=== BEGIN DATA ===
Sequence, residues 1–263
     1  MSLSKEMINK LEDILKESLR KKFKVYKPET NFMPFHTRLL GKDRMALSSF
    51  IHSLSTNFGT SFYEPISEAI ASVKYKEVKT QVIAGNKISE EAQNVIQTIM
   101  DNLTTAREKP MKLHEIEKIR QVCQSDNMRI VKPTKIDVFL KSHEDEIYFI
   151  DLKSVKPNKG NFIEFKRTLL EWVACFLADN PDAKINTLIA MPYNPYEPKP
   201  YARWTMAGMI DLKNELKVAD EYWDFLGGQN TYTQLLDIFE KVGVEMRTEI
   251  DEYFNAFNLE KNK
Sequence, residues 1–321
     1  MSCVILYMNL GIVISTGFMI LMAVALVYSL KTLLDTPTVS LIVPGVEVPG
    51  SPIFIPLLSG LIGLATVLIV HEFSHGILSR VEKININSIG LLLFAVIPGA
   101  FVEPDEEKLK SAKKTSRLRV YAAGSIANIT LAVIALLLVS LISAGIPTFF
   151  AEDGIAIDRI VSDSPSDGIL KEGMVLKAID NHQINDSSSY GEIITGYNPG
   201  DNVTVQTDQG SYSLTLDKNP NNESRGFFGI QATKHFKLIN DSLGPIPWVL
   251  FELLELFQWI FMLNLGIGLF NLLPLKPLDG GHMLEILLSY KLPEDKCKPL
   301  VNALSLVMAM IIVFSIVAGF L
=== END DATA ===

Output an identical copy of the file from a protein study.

Sequence, residues 1–263
     1  MSLSKEMINK LEDILKESLR KKFKVYKPET NFMPFHTRLL GKDRMALSSF
    51  IHSLSTNFGT SFYEPISEAI ASVKYKEVKT QVIAGNKISE EAQNVIQTIM
   101  DNLTTAREKP MKLHEIEKIR QVCQSDNMRI VKPTKIDVFL KSHEDEIYFI
   151  DLKSVKPNKG NFIEFKRTLL EWVACFLADN PDAKINTLIA MPYNPYEPKP
   201  YARWTMAGMI DLKNELKVAD EYWDFLGGQN TYTQLLDIFE KVGVEMRTEI
   251  DEYFNAFNLE KNK
Sequence, residues 1–321
     1  MSCVILYMNL GIVISTGFMI LMAVALVYSL KTLLDTPTVS LIVPGVEVPG
    51  SPIFIPLLSG LIGLATVLIV HEFSHGILSR VEKININSIG LLLFAVIPGA
   101  FVEPDEEKLK SAKKTSRLRV YAAGSIANIT LAVIALLLVS LISAGIPTFF
   151  AEDGIAIDRI VSDSPSDGIL KEGMVLKAID NHQINDSSSY GEIITGYNPG
   201  DNVTVQTDQG SYSLTLDKNP NNESRGFFGI QATKHFKLIN DSLGPIPWVL
   251  FELLELFQWI FMLNLGIGLF NLLPLKPLDG GHMLEILLSY KLPEDKCKPL
   301  VNALSLVMAM IIVFSIVAGF L